Why I Take Photos At Restaurants

Why I Take Photos At Restaurants

If you didn’t take a picture, did it really happen?

Next to me, people are staring. When I turn to look at them, they quickly look away, hiding their faces behind their paper menus. My friend sitting across the table from me rolls her eyes, then looks at me for direction.

“Can you get a chopstick full of the noodles and lift it from the bowl?” I ask her.

She stares at the bowl of ramen in front of her before dunking her chopsticks and strategically lifting it from the bowl. I grab my digital camera and take a few pictures from the side. Then, I stand up from my seat and take some aerial shots of the food. I hear the same people next to me laughing as I take my last few shots. I smile — I’m used to this reaction.

“Can we eat now?” my friend asks me, rubbing her stomach dramatically.

I nod, and we dig into our respective bowls of noodles. I’ve been taking pictures of my food for about 2 years to document on my Instagram. I’m not alone in this stereotypical millennial behavior. Eating has become incredibly experiential and has attracted amateur and professional photographers alike to share their everyday meals. When this article was written, there were  200,403,293 posts on Instagram for #food and 108,152,118 posts for #foodporn on Instagram, and this number grows every second with posts coming in from around the world.

All this food posting has led to the rise of successful food Instagrammers — people actually make money from eating and sharing pictures of their food. Restaurants and companies often sponsor these Insta-celebrities to promote their products. Opinions are mixed as to whether whether all this sharing of food pictures drives innovation or inhibits it in the restaurant industry. One argument is that chefs and business owners want their dishes to be well-photographed, so they feel the pressure to make foods that are more “trendy” to attract more customers rather than their own individual creation. On the other hand, people are more interested in food than ever before, and that drives people to restaurants and to try new things.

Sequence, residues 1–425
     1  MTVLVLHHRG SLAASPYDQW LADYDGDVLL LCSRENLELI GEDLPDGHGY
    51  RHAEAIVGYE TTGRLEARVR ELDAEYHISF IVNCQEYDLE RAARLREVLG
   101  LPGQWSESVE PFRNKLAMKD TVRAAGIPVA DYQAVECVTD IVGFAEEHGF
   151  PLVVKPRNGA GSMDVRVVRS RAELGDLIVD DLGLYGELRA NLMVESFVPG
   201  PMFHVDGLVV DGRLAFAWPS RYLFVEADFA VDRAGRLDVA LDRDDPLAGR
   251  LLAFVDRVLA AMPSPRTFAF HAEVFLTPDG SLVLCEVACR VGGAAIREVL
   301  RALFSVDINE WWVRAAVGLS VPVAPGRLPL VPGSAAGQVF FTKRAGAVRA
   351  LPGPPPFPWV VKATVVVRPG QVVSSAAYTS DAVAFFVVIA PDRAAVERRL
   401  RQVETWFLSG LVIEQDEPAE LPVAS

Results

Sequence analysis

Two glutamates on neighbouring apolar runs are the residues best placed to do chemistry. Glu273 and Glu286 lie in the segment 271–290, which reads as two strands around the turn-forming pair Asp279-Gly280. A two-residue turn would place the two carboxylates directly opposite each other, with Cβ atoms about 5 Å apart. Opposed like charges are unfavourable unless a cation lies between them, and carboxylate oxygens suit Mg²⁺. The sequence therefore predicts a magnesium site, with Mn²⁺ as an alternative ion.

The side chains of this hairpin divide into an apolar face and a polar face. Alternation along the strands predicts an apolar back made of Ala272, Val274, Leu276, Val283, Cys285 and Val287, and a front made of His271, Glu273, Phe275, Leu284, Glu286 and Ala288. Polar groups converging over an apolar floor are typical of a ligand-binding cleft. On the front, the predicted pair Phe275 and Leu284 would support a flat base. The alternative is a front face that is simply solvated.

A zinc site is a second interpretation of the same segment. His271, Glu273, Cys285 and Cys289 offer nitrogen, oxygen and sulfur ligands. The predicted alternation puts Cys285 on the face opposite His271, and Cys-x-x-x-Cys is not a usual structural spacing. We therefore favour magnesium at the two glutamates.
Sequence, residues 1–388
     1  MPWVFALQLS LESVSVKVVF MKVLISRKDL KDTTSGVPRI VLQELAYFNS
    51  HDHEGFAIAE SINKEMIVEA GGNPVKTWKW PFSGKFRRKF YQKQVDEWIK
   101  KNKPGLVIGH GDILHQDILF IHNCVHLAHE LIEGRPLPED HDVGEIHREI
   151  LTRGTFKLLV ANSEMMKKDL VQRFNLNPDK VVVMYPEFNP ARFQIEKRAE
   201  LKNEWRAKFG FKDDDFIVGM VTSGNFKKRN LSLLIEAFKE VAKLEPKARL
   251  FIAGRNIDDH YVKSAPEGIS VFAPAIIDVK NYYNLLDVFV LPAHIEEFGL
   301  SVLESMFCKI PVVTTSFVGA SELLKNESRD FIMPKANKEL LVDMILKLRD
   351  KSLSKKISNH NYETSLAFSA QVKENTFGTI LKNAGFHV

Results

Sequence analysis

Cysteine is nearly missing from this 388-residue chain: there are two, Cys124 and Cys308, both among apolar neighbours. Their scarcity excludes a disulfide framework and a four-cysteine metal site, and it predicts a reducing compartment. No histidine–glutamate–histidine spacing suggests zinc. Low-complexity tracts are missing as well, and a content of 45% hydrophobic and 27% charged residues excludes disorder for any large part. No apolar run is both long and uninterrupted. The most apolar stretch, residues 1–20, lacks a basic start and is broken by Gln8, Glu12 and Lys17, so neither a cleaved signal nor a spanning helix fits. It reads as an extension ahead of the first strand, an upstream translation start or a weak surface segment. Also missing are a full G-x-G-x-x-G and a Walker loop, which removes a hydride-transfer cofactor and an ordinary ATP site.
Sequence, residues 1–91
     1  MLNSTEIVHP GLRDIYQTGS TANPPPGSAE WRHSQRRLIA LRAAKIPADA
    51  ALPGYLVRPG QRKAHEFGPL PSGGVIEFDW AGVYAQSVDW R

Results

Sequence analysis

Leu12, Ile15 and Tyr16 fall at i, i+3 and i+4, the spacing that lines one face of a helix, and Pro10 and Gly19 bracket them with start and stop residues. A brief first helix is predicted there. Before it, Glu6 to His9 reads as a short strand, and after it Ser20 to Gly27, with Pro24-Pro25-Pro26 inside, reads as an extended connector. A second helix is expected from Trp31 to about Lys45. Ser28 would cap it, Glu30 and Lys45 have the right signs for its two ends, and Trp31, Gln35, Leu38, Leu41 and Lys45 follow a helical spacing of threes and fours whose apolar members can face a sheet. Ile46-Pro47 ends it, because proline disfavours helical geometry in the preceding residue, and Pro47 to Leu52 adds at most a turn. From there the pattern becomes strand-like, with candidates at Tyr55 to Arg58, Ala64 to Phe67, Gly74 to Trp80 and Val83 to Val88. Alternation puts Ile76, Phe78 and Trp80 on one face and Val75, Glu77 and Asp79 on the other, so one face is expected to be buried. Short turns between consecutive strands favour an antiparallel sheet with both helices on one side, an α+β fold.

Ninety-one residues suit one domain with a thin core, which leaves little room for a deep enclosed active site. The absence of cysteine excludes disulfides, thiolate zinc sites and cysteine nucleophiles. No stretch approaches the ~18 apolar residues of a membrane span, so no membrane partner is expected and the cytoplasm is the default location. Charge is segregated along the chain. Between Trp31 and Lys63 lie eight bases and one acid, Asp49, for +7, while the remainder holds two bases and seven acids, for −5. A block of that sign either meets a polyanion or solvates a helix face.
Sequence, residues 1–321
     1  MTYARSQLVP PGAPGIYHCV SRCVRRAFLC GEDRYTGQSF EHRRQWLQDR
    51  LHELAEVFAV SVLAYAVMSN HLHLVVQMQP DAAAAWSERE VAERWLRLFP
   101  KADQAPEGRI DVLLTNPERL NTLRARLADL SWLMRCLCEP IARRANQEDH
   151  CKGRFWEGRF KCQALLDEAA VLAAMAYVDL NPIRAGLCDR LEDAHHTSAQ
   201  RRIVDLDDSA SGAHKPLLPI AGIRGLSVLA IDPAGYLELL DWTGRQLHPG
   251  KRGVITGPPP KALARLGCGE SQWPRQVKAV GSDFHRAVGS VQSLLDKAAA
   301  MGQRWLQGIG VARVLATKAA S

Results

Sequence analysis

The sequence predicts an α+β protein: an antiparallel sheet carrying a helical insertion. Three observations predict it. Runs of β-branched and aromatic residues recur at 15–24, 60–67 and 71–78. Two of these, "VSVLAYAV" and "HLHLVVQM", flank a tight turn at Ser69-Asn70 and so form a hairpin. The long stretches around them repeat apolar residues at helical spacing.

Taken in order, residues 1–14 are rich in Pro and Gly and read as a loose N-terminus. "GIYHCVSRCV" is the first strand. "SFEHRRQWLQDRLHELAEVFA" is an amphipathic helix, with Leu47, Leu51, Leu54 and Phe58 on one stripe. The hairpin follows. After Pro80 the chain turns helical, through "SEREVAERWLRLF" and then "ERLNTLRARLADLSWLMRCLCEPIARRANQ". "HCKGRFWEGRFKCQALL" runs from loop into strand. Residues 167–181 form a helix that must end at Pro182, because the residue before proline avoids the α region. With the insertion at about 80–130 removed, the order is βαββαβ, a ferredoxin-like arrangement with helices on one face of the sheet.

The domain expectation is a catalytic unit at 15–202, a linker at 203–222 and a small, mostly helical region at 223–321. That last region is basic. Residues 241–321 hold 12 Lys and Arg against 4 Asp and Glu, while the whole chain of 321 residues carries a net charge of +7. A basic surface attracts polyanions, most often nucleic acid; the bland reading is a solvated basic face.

If Food Network made watching people cook cool, Instagram has helped make watching people eat cool. I’m of the school of thought that Instagram is actually a benefit for the restaurant industry. When you live in New York, going to a restaurant together is a method of socializing — catching up over brunch is extremely common, which is evident from the hour long waits at some of the more popular restaurants. My friends and I (self-proclaimed foodies) are excited whenever a new restaurant opens or when there’s an event happening at a restaurant. We often hear about this news from social media and immediately make plans to go. I actually remember conversations and events based on where and what I was eating — all well documented thanks to my “obnoxious” photo taking.

So the next time you see someone taking photos of their food in a restaurant, recording their experience to share with others, don’t judge them (too hard).

This post was originally written for BrUNch Magazine.

Why I Rarely Cook and You Shouldn't Feel Pressured to Either

Why I Rarely Cook and You Shouldn't Feel Pressured to Either